Choosing Wisely:

Avoid ordering MRI in patients with suspected acute Achilles tendon ruptures.

Rationale and Comments: MRI is expensive and can lead to treatment delays. History and physical exam findings can establish the diagnosis of acute Achilles tendon ruptures in nearly all instances. Physicians should reserve MRI for atypical presentations and subacute or neglected ruptures when preoperative planning is needed. When physicians prefer to use the rupture gap (i.e., apposition of tendon ends) as criteria for management (surgery versus conservative treatment), dynamic ultrasound can be easily substituted.
Sponsoring Organizations:
  • American Podiatric Medical Association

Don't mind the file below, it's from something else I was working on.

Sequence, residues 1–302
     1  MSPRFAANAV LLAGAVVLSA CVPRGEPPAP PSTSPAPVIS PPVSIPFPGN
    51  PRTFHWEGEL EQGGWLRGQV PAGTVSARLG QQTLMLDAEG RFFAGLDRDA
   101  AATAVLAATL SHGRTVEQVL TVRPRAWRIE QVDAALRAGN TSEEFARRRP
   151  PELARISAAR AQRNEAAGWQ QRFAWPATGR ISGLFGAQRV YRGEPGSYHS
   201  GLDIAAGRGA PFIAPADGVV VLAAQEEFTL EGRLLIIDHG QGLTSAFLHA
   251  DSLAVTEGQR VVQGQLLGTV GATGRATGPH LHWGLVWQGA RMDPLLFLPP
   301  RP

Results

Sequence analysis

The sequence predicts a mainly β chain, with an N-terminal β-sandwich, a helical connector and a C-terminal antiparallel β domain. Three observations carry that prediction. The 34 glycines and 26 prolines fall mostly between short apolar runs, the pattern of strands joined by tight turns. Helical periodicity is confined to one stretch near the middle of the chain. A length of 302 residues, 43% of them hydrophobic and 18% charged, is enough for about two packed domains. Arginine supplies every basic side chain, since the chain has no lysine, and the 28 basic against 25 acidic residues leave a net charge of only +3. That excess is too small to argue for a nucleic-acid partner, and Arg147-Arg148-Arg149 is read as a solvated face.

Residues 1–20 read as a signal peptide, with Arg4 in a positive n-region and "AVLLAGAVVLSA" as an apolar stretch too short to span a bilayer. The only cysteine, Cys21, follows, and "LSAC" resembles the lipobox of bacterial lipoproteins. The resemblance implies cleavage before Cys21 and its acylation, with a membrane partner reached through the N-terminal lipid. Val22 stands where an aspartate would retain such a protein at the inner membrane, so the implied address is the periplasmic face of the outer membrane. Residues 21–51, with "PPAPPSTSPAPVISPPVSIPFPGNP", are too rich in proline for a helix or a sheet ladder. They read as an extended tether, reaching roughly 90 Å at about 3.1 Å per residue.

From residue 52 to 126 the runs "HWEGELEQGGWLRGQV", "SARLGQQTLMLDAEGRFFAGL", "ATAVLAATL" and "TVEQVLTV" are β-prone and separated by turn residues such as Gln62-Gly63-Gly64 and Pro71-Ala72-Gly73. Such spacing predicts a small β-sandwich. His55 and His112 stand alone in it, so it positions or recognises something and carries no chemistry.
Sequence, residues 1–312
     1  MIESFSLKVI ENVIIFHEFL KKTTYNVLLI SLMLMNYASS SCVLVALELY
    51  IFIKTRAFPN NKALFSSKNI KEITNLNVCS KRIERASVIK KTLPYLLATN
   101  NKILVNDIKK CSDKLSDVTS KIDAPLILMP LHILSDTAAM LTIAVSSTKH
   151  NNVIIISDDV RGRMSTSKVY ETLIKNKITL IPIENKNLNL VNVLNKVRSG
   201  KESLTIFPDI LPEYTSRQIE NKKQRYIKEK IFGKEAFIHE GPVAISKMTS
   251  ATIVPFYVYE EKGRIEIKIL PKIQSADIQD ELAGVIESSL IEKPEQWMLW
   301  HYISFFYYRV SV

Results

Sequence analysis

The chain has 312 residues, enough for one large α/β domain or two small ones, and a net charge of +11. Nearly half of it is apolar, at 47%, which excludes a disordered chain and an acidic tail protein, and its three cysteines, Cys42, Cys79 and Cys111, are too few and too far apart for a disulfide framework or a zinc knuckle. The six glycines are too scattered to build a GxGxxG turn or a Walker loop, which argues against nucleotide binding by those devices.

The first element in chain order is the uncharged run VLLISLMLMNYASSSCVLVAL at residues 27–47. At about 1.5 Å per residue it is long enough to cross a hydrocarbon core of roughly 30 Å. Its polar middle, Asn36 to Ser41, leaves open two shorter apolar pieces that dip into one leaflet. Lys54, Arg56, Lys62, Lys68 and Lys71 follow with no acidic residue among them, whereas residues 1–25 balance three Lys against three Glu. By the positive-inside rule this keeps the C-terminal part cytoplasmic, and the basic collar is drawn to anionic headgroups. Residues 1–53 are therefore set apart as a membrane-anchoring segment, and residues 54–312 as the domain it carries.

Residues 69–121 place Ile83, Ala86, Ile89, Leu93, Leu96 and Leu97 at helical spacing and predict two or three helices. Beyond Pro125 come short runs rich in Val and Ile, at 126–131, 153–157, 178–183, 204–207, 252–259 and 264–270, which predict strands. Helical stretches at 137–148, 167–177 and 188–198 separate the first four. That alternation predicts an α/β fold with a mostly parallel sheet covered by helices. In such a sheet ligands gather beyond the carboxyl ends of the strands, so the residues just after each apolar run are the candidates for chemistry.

• Sources:
  • Expert consensus
  • Disciplines:
  • Sports Medicine
  • Orthopedic
  • References: • Singh D. Acute Achilles tendon rupture. BMJ. 2015;351:h4722.
    • Garras DN, Raiken SM, Bhat SB, Taweel N, Karanjia H. MRI is unnecessary for diagnosing acute Achilles tendon ruptures: clinical diagnostic criteria. Clin Orthop Relat Res. 2012;470:2268-73.
    • Wallace RG, Heyes GJ, Michael AL. The non-operative functional management of patients with a rupture of the tendo Achillis leads to low rates of re-rupture. J Bone Joint Surg Br. 2011;93:1362–66.

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